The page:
Loudspeaker power ratings is a confusing topic in the audio industry. In this article, Pat brings some clarity.
It is generally accepted that a large loudspeaker power rating is a sign of quality and something to be desired. It may be the performance metric that has the greatest influence on the consumer’s buying decision. A closer look reveals that it is far less significant than other metrics regarding the performance of the loudspeaker.
The power rating of an amplifier describes its ability to do work on a load – like moving a loudspeaker. Generally, the bigger the better if you want a lot of sound. The power drawn by the transducer varies with frequency, and while the SPL is often referenced to the input power, it more closely resembles the voltage waveform applied to the loudspeaker. This can be seen by plotting the on-axis SPL against both (Figure 1). It is desirable for the loudspeaker to have a flat voltage response, so that equal drive voltage per frequency produces a flat magnitude response on-axis. So it is actually the drive voltage that is of interest, not the power.
The voltage waveform for music or speech is complex and has broad spectral content. The heating value, or equivalent DC value is the RMS (Root Mean Square) voltage. The apparent power drawn by the load is found by multiplying the RMS voltage by the RMS current. The average power is found by multiplying the apparent power by the power factor (often erroneously called “RMS power” on specification sheets).
Modern amplifiers act as constant voltage sources to the loudspeaker. This means that the output voltage of the amplifier should be essentially independent of the load placed on it by the loudspeaker. If you drive an amplifier with a signal and measure its output voltage with no load connected to the output terminals, and then connect a loudspeaker to the terminals, there is no significant change in the reading on the voltmeter. The difference between the no-load and loaded condition is that with the load present current will flow from the amplifier terminals through the loudspeaker. With current flowing the amplifier has a tougher job maintaining its output voltage. Lower load impedances (more loudspeakers in parallel) draw more current from the amplifier, increasing the total power transfer from source to load (Figure 2). This is why the total output power of the amplifier generally increases when you hook-up more loudspeakers – the voltage stays the same but more current flows due to the lower impedance. Note that the output power of the amplifier increases, but the power is distributed among the connected loudspeakers. So if you have one loudspeaker connected and then parallel another one with it, the total power output of the amplifier increases but the power per loudspeaker does not. In fact, it probably drops a little. It is best to keep amplifier loads above 4 ohms to minimize cable effects and avoid excess current demands on the amplifier. All of this is to point out that it is still the applied voltage that determines the resultant SPL. It is often counterproductive to connect more loudspeakers in parallel to get more “power” out of the amplifier, because this eventually makes the applied voltage sag and results in a loss of SPL.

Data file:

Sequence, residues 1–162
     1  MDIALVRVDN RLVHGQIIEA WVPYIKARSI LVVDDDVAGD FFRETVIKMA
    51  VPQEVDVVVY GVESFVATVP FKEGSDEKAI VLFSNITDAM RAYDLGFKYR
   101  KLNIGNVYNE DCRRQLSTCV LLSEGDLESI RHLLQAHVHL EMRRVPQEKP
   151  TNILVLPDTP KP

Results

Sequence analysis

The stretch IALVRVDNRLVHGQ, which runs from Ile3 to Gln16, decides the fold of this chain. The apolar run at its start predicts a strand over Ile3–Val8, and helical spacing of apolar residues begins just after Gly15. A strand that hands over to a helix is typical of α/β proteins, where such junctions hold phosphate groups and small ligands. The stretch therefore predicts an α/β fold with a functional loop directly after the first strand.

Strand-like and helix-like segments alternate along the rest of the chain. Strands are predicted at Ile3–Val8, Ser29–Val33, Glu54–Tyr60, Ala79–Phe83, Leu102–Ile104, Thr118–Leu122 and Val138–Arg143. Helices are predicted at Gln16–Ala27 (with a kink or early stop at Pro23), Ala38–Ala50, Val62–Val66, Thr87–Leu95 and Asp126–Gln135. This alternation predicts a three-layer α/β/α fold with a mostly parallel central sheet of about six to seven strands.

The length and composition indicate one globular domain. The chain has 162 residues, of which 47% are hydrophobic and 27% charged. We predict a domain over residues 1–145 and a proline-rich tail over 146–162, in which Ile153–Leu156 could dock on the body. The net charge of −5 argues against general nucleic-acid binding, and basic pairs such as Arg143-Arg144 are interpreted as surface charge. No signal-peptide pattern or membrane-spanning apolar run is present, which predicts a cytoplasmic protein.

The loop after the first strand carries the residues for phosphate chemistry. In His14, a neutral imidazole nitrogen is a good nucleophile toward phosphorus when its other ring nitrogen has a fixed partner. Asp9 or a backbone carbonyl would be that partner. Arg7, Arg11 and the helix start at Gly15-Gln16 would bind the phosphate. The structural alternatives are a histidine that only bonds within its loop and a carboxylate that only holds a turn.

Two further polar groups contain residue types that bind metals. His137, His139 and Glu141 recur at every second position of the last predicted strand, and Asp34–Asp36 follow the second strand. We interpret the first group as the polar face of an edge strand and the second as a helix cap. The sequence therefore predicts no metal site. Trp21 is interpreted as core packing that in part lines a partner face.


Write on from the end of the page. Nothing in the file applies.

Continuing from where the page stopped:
While power ratings are convenient, it still comes down to voltage across a load, not power. Yet it is traditional in the audio industry to reference the output of a loudspeaker to the applied power rather than the applied voltage.
Amplifiers are rated for power generation. Loudspeakers are rated for power dissipation. Loudspeakers are notoriously inefficient devices – they waste almost all of the of the power delivered from the amplifier. Their power rating describes the amount of continuous power that can be dissipated in the form of heat without damage to the loudspeaker. While at first glance it may appear that more power dissipation is better, this is only true if the method used to achieve it does not compromise the efficiency of the loudspeaker.
The ideal loudspeaker can produce the desired sound level using as little power as possible. There is less heating due to the higher efficiency. There is nothing impressive or inherently beneficial to driving lots of power into a loudspeaker. It is more impressive to get lots of sound with less applied power. Think of mileage ratings for automobiles and you have the right idea. It’s more about efficiency than consumption. Horn loading, boundary placements and manifolding are methods of increasing loudspeaker efficiency, allowing more sound per the applied voltage (and ultimately the applied power).